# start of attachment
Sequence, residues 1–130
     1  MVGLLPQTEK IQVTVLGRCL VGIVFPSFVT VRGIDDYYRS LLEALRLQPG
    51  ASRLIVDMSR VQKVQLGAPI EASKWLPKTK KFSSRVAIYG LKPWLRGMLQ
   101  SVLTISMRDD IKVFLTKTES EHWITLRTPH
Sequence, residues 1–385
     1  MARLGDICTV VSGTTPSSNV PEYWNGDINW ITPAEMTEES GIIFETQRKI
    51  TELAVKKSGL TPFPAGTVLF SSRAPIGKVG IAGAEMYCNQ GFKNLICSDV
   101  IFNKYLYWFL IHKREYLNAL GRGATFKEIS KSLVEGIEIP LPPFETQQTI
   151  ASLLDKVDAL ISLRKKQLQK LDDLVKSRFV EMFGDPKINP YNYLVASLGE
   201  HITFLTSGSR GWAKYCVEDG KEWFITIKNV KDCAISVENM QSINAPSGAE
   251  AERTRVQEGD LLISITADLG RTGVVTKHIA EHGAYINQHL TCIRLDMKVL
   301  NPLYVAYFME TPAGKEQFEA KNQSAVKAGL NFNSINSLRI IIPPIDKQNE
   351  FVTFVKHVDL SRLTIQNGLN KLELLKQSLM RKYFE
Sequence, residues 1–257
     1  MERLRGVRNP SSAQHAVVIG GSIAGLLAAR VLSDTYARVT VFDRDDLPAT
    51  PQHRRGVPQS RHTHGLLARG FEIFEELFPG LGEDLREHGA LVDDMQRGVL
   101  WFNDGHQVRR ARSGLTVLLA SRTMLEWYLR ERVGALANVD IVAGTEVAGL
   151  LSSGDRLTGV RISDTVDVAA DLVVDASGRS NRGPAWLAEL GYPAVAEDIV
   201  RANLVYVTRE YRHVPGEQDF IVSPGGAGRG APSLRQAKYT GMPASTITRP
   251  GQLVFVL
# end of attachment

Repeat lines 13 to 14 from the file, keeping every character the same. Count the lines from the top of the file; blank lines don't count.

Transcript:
   351  FVTFVKHVDL SRLTIQNGLN KLELLKQSLM RKYFE
Sequence, residues 1–257